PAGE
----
A limiting diode 106 is also connected from the collector of output transistor 84 to the emitter of control transistor 94. Since the zener diode 96 sets a base voltage of control transistor 94 at approximately volts and the collector of output transistor 84 may be quiescently biased from volts to about +100 volts, the limiting diode 106 is normally non-conducting and in one bias condition is reversely biased by about volts. As long as this reverse bias condition persists only the current through the resistor 98 and the control transistor 94 is employed to establish the bias voltage on limiting diode 104. However, if the positive going retrace portion of such sweep signal overshoot to +116 volts, the limiting diode 106 is rendered conducting. Any further rise in the collector voltage of output transistor 84 causes an increase in current through diode 106 and control transistor 94 to increase the voltage drop across load resistor 100. This increased voltage drop tends to forward bias the diode 104 and applies a positive voltage feedback signal to the base of input transistor 82. This feedback signal is transmitted from the emitter of input transistor 82 to the base of the output transistor 84 and tends to render such output transistor conducting .to prevent its collector voltage from going more positive. As a result the output transistor 84 is prevented from being cut off and the collector voltage of such output transistor is maintained below an upper limit voltage slightly greater than +115 volts to prevent destruction of the transistor. This also eliminates the signal distortion which is caused by this condition so that starting time of a subsequent sweep signal at output terminal 92 is not delayed 'by having to drive such transistor out of cut-01f. Another voltage limiting diode 108 is connected from the collector of the output transistor 68 of the first operational amplifier to the cathode of zener diode 96. This limiting diode 1'08 limits the maximum voltage which can be produced on the collector of output transistor 68 to approximately +116 volts and prevents the ramp portion of the output sweep signal on output terminal 78 from exceeding this figure and possibly destroying such output transistor.

Another embodiment of a paraphase amplifier which may be employed in the amplifier circuit of FIG. 1, is shown in FIG. 2. This paraphase amplifier circuit is similar to that shown in FIG. 1 so that similar components have been designated by the same reference numher and only the differences between the two circuits will be described in detail. Thus, the transistor 18 may be of the PNP type connected as a common emitter amplifier whose collector is connected to the base of a transistor 110 which is connected as an emitter follower amplifier to provide a cascade transadrnittance amplifier. The emitter follower transistor 110 may be an NPN type transistor whose emitter is connected to a source of negative DC. bias voltage through a load resistor 112 and whose collector is connected to the emitter of transistor 18 through an oscillation suppressor resistor 114. A shunt capacitor 116 is connected from the base of transistor 110 to the emitter of transistor 18' to cooperate with resistor 114 in the prevention of oscillation. The emitter follower transistor 110 increases the input impedance of the amplifier including transistor 18' but reduces the effective emitter junction impedance of each transistor from about 5.0 ohms to approximately 0.3 ohm or less so that there is less variation of emitter to basevoltage. This enables the use of a fixed emitter coupling resistance and allows the gain of the paraphase amplifier stage to be increased by a fifty times magnification merely by switching, for example, from a first resistor 24 of 2,500 ohms to a second emitter coupling resistor 117 of 50 ohms, without adjustment of a variable resistor similar of resistor 44 of FIG. 1. In addition, the output impedance of the cascade transadrnittance amplifier including transistor 18' and 110 is approximately equal to re sistor 112. Another emitter follower amplifier transistor 118 is connected by its base to the collector of common base amplifier transistor 34' and by its collector to the emitter of such transistor 34 to function in similar manner to transistor 110. Thus, transistor 118 may also be provided with a coupling resistor 120 and a shunt capacitor 122 to prevent oscillation and may be connected by its emitter to a source of negative DC bias Voltage through a resistor 124 which is approximately equal to the output impedance of this second transadrnittance amplifier. In addition a pair of overload disconnect diodes 126 and 128 may be connected from the emitters of transistors 10 and 28', respectively, to the bases of transistors 18 and 34' respectively. Also, another oscillation suppressor circuit including an inductor 130 and a bypass capacitor 132 may be connected from the emitter of transistor 38 to ground.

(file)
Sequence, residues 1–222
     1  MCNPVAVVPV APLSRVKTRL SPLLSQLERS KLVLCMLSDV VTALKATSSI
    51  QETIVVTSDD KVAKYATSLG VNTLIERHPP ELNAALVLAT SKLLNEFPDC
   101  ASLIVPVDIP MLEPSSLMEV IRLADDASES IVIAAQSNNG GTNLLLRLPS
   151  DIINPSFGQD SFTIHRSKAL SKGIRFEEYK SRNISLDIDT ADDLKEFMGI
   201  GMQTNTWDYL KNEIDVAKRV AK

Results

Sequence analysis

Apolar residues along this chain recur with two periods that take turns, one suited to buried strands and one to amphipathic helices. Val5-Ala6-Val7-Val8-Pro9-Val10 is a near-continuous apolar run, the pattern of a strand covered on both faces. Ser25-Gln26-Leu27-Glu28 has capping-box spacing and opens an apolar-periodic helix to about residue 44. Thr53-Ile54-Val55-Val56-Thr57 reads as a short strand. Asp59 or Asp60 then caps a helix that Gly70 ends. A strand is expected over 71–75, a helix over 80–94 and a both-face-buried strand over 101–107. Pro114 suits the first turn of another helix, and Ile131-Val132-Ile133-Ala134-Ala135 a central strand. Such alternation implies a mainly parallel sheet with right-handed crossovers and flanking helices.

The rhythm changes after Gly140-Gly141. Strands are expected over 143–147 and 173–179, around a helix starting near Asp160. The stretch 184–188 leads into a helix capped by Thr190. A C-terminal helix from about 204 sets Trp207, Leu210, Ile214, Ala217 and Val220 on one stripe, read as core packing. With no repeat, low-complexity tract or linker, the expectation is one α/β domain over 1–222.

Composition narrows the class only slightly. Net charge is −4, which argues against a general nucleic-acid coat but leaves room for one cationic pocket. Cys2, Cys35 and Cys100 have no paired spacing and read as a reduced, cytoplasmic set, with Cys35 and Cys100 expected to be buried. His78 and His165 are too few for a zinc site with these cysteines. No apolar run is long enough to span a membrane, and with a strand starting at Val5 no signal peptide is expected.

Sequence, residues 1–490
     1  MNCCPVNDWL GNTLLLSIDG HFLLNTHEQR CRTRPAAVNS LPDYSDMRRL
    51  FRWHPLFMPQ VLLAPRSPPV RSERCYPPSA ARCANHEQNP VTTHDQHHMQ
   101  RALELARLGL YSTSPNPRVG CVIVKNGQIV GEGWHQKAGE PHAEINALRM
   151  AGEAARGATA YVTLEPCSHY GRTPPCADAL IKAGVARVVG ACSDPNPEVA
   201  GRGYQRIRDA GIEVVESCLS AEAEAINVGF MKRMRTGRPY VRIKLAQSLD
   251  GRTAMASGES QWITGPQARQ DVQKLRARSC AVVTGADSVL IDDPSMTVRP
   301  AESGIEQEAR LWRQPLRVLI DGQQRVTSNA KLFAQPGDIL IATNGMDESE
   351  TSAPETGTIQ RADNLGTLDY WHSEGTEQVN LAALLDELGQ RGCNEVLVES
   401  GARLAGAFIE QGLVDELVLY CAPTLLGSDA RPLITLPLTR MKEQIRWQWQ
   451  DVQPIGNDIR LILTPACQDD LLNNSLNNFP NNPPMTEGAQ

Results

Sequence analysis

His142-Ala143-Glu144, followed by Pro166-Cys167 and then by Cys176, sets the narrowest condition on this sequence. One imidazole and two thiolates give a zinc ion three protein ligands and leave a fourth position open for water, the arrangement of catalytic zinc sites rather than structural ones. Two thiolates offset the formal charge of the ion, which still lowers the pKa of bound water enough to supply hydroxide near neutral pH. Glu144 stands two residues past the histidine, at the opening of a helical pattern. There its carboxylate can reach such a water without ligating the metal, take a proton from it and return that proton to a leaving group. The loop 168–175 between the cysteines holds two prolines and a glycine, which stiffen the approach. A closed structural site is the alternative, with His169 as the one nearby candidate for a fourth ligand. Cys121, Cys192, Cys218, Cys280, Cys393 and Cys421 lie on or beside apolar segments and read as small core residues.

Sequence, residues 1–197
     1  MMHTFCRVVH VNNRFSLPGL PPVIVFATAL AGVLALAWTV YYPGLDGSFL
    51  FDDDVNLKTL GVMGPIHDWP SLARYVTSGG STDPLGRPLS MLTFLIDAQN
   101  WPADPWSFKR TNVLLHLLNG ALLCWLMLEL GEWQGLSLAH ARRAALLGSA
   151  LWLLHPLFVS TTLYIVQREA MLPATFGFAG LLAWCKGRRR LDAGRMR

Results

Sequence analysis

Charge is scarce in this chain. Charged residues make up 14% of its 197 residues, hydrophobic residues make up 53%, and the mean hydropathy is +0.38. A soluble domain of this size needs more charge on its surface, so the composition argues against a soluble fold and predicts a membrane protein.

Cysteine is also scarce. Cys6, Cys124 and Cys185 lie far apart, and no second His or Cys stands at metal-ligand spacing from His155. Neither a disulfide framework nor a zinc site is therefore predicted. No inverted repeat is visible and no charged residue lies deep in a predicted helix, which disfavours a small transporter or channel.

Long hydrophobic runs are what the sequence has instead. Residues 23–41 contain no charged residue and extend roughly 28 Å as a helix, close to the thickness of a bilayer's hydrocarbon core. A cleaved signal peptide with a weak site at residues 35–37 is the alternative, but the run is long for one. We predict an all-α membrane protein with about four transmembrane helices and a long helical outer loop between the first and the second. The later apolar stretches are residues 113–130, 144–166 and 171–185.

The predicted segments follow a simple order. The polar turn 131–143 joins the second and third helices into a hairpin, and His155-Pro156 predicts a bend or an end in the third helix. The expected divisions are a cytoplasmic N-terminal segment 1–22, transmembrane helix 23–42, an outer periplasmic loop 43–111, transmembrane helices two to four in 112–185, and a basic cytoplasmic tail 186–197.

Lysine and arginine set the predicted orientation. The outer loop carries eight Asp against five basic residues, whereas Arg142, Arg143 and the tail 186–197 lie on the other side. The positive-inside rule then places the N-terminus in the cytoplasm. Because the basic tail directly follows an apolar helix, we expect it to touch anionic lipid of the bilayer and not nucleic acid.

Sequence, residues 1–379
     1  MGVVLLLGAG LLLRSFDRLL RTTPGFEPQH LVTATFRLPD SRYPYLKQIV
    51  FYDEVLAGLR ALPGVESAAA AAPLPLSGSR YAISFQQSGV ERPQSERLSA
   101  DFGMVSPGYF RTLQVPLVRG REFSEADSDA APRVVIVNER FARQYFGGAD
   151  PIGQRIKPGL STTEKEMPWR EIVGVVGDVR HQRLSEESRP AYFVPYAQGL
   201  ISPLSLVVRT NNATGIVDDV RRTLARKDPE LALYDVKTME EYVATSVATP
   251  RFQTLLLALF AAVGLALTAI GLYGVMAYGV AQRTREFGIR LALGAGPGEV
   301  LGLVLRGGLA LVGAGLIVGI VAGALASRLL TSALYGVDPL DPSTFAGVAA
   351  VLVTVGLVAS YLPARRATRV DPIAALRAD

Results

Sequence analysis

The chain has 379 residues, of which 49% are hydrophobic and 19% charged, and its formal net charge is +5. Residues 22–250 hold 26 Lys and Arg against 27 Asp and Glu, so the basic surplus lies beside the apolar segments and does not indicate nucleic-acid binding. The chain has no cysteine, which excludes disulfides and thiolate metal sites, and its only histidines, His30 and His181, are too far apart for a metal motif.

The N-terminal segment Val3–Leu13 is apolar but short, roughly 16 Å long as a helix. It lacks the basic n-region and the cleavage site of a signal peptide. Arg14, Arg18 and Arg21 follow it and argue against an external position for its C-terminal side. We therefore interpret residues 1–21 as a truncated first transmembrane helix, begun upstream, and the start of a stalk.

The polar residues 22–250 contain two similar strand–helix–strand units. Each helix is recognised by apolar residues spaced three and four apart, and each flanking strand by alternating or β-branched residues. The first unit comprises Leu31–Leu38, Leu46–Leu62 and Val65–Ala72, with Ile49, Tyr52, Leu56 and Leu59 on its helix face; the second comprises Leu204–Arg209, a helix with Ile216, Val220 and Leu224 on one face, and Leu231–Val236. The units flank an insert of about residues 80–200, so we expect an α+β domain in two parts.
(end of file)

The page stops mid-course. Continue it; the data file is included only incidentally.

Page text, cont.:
It will be obvious to those having ordinary skill in the art that various changes may be made in the details of the above-described embodiment of the present invention without departing from the spirit of the invention. Therefore, the scope of the invention should be determined by the following claims.

We claim:

1. An amplifier circuit, comprising:

a current amplifier connected as the input stage of said amplifier circuit;

an operational amplifier connected as the output stage of said amplifier circuit, said operational amplifier including a phase inverter amplifier and a feedback impedance connected between the output and input of said inverter amplifier to provide direct current negative feedback for said operational amplifier; and